The RRM2B gene lies on chromosome 8q23.1 and codes for the small subunit of p53-inducible ribonucleotide reductase, a heterotetrameric enzyme responsible for de novo conversion of ribonucleoside diphosphates into the corresponding deoxyribonucleoside diphosphates that are crucial for DNA synthesis [18]. Ribonucleotide reductase is the main regulator of the nucleotide pools in the cytoplasm and its small subunit is expressed in post-mitotic cells, where it probably has a key function in maintaining the mitochondrial dNTP pools for mtDNA synthesis. Mutations in RRM2B usually result in neonatal hypotonia, lactic acidosis, failure to thrive and tubulopathy. Psychomotor delay, sensorineural hearing loss and a profound reduction of mtDNA copy numbers in skeletal muscle [18] are also present. The disease has a rapid progression and leads to death within a few months of onset. The complex associated phenotype suggests that the consequences of defective mitochondrial dNTP pools can vary dramatically depending on the residual amount of functional enzyme. Approximately 15 affected infants have been described [9]. Of the 31 mutations described to date, 30 are associated with major phenotypes.

ii) SUCLA2 and SUCLG1

Succinyl CoA synthase is a mitochondrial matrix enzyme that catalyzes the reversible synthesis of succinate and ATP or GTP from succinyl-CoA and ADP in the tricarboxylic acid cycle. It is made up of two subunits, alpha and beta, encoded by SUCLG1 on chromosome 2p11.3 and SUCLA2 on 13q12.2-q13.3, respectively. Mutations in SUCLA2 (coding for succinate-CoA ligase, beta subunit) and SUCLG1 (coding for succinate-CoA ligase, alpha subunit) cause an encephalomyopathic form of infantile MDS, but mutations in SUCLG1 can also cause a severe disorder characterized by antenatal dysmorphisms, neonatal metabolic crisis, and early death [47]. Differences in presentation between patients might depend on differences in the residual amounts of the protein [20, 48, 49]. Useful diagnostic clues in succinyl CoA synthase disorders are the presence of “mildly” elevated urinary methylmalonic acid, found in all patients, and the presence of tricarboxylic acid cycle intermediates (methylcitrate, lactate, carnitine esters, 3-hydroxyisovalericacid), found in most cases. Some patients die as infants, but others survive longer. The clinical features include early childhood hypotonia, developmental delay and, almost invariably, progressive dystonia and sensorineural deafness. Mutations in SUCLA2 and SUCLG1 seem to disrupt the association between succinyl CoA synthase and mitochondrial nucleoside diphosphate kinase, resulting in mitochondrial dNTP pool imbalance and, eventually, low levels of mtDNA in muscle [21]. Twenty-three mutations were recently reported in a series of 54 individuals [9]: 10 in the 34 subjects with mutated SUCLA2 and 13 in the 20 with mutated SUCLG1.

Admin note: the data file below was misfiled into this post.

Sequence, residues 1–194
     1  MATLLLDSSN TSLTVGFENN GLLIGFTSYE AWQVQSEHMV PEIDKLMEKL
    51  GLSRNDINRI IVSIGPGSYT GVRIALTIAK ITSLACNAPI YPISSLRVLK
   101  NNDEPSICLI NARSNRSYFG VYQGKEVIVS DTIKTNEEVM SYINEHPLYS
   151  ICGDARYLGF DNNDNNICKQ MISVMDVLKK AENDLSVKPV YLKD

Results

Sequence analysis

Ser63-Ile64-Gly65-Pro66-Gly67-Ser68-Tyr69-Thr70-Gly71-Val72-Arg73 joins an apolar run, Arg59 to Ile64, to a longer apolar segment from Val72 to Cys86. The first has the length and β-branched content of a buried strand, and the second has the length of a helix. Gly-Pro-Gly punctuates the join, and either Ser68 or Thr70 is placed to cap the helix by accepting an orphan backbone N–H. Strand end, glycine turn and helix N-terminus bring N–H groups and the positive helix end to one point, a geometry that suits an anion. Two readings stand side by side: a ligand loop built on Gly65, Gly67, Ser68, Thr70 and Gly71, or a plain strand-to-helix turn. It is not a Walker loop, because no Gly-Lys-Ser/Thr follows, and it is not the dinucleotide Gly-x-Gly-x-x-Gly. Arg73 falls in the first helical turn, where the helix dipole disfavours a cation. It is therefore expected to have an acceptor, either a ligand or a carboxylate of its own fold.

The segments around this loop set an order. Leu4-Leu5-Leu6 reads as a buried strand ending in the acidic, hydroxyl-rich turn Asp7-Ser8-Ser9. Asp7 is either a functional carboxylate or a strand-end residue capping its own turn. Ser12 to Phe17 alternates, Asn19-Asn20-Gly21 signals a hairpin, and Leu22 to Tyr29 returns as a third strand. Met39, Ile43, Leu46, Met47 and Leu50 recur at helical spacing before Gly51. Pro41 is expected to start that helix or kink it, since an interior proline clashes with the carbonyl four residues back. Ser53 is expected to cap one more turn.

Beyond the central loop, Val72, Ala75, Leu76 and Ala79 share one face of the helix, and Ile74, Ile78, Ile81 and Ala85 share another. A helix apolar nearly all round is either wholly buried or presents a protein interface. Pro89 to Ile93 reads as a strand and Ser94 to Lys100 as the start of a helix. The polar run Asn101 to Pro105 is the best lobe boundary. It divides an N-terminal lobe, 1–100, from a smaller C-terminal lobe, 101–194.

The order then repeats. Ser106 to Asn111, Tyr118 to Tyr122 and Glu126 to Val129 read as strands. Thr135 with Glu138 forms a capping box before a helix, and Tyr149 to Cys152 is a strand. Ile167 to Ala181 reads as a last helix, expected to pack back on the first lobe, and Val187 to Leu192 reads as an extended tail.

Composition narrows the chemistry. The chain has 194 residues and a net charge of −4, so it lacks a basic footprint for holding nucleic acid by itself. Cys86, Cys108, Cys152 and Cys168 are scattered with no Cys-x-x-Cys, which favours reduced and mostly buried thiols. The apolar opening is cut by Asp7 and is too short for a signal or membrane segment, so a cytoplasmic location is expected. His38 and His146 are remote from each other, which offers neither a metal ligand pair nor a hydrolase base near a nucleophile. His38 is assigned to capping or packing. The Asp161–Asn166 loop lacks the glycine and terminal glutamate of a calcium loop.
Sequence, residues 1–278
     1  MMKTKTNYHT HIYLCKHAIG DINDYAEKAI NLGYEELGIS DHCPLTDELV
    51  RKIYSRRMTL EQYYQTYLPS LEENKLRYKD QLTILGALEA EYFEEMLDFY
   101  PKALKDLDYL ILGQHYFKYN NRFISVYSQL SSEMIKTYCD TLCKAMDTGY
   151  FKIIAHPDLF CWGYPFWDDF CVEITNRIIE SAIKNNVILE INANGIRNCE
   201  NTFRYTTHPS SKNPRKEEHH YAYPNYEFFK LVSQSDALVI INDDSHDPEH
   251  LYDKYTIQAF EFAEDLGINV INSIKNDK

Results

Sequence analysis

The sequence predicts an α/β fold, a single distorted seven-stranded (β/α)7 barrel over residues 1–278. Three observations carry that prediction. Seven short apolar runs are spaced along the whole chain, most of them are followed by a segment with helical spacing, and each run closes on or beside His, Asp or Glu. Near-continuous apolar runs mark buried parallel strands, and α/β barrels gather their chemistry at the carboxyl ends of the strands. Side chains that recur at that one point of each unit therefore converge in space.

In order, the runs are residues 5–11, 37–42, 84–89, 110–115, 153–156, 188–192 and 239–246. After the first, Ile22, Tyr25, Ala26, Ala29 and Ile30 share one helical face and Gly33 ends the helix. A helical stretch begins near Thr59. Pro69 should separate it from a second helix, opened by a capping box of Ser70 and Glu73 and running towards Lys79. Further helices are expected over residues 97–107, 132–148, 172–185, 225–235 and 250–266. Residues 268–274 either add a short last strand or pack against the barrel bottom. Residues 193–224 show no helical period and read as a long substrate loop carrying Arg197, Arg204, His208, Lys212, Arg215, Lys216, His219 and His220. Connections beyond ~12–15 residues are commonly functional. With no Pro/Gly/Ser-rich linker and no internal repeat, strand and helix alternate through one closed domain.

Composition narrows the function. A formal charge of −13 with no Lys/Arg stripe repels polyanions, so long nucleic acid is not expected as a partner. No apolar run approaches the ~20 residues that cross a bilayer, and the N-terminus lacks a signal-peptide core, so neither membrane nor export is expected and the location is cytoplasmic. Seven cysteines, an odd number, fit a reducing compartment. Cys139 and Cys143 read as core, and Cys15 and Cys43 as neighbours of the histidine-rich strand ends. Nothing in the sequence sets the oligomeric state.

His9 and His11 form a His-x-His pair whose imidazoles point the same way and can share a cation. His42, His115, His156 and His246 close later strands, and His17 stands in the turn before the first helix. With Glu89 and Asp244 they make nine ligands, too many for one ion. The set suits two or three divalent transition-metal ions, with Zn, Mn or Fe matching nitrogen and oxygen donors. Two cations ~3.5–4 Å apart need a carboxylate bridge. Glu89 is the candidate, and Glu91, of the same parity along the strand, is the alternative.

Neurogastrointestinal MDS

Mitochondrial neurogastrointestinal encephalomyopathy (MNGIE) is an autosomal recessive disorder clinically characterized by onset between the first and fifth decades of life, although in the vast majority of cases onset occurs before the age of 20 years. All affected individuals develop weight loss and progressive gastrointestinal dysmotility manifesting as early satiety, nausea, dysphagia, gastroesophageal reflux, postprandial emesis, episodic abdominal pain with distention, and diarrhea. In addition, all affected individuals have motor and sensory demyelinating neuropathy, in some cases accompanied by axonal neuropathy. The neuropathy typically presents with distal weakness and paresthesias, showing a symmetric stocking-glove distribution. Ptosis and ophthalmoplegia are common.

Affected individuals can have elevated CSF protein and plasma lactate. Thymidine and deoxyuridine are increased in plasma. Thymidine phosphorylase (TP) enzyme activity in leukocytes is usually less than 10% of the control mean. Neuroimaging typically demonstrates diffuse white matter changes [9].

In MNGIE, mtDNA abnormalities can include depletion, multiple deletions and point mutations [50]. Mutations in TYMP and RRM2B have been linked to MNGIE, although variants in POLG have recently been detected in conditions mimicking MNGIE (so-called MNGIE-like syndromes) [24].